German Supreme Court decides on airline tariff: a non-refundable ticket remains non-refundable

Michael Wukoschitz's picture

The plaintiffs had booked tickets for a Lufthansa flight from Hamburg via Frankfurt to Miami and back from Los Angeles via Frankfurt to Hamburg. The ticket price was EUR 2.766,32 and according to the tariff, the ticket was non-refundable (except applicable taxes only). Because of a disease, the plaintiffs cancelled their tickets and claimed back the ticket price. Lufthansa only refunded taxes of EUR 133,56 each. The plaintiffs filed a law suit for the difference which was dismissed by the first instance court (AG Köln) and their appeal was dismissed as well.

By judgement of March 20, 2018, the German Civil Supreme Court (Federal Court/BGH) upheld this decision: an exclusion of cancellation could not be regarded an unreasonable disadvantage or unfair contract term  which would violate the principles of good faith. Ususally, if a tcket was cancelled this would not safe the air carrrier any money as almost all costs were related to the operation of the flight as such and would not depend on the transportation of a particular passenger. Only if the flight was fully booked and the carrier would have had to reject other passengers had the tickets not been cancelled there would be an additional acquisition. However, this would be difficult to determine and mostly depend on coincidence. Therefore, the tariff excluding cancellation against refund would reflect the typical situation and not be unreasonable. Furthermore, passengers could avoid the disadvantage by booking a flexible tariff or by buying a cancellation insurance.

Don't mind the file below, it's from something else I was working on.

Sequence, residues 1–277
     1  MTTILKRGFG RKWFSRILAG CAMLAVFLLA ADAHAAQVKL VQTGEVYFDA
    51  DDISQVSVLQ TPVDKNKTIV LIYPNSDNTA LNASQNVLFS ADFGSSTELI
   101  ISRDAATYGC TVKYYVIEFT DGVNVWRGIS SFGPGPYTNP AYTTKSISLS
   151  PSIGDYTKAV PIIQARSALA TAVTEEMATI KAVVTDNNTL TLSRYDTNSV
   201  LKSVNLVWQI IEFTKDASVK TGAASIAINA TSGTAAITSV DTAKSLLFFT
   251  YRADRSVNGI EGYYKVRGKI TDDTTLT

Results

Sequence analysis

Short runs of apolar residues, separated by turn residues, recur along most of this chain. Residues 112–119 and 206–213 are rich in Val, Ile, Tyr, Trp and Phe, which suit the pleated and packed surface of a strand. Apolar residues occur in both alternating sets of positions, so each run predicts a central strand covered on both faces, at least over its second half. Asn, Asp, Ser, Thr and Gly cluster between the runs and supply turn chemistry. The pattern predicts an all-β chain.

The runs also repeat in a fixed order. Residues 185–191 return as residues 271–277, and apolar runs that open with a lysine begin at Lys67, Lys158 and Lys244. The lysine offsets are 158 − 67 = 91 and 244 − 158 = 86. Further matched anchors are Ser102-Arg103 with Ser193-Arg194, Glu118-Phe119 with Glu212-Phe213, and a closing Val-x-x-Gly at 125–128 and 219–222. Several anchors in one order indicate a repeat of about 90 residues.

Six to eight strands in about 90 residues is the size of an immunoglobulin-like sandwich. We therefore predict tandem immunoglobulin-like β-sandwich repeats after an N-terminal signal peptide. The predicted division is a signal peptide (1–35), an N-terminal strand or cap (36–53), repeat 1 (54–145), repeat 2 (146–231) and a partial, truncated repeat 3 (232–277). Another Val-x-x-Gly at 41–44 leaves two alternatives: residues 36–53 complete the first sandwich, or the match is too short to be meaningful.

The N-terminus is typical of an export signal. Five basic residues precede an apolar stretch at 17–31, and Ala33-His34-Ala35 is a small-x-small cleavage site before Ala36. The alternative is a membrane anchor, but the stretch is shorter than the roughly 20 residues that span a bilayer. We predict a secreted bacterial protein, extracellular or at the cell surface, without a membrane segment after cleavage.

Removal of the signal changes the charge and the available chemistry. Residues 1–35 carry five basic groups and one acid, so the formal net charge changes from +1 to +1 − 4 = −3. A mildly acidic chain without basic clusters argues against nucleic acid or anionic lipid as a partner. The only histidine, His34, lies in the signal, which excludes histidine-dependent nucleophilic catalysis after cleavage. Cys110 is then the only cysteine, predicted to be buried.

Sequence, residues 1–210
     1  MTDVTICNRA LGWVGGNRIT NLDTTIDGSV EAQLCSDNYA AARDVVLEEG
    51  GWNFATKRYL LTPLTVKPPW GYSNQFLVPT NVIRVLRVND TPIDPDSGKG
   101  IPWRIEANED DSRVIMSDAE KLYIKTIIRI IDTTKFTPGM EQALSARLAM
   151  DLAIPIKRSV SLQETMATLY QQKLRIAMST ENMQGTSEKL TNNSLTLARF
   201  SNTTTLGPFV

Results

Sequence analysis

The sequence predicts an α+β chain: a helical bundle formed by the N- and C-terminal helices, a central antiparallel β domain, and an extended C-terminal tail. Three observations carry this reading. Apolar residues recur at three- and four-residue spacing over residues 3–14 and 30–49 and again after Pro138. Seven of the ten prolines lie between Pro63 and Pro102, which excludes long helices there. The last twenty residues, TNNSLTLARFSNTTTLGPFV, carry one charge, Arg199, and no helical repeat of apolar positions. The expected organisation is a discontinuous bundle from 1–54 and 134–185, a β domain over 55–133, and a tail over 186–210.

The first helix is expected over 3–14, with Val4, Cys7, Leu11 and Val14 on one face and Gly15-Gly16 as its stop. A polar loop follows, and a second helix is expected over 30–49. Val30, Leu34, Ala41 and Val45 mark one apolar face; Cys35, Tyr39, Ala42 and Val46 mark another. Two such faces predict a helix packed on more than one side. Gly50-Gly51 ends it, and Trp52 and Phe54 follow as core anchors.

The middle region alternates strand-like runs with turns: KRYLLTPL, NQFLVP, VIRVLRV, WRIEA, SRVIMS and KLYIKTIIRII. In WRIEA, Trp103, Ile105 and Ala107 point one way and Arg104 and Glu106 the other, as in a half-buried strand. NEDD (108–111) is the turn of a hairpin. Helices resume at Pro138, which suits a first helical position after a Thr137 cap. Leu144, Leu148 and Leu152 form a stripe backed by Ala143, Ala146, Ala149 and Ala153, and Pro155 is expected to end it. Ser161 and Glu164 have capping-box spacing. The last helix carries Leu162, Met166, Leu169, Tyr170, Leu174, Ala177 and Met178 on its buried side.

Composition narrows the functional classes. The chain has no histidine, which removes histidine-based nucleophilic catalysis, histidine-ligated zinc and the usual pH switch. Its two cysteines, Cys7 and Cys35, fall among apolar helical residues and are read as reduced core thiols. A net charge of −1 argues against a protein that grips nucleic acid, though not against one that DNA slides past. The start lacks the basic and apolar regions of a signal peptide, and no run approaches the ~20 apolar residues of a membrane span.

Source: BGH press release no 59/2018 of March 20, 2018.

Case details: BGH judgement X ZR 25/17 of March 20, 2018

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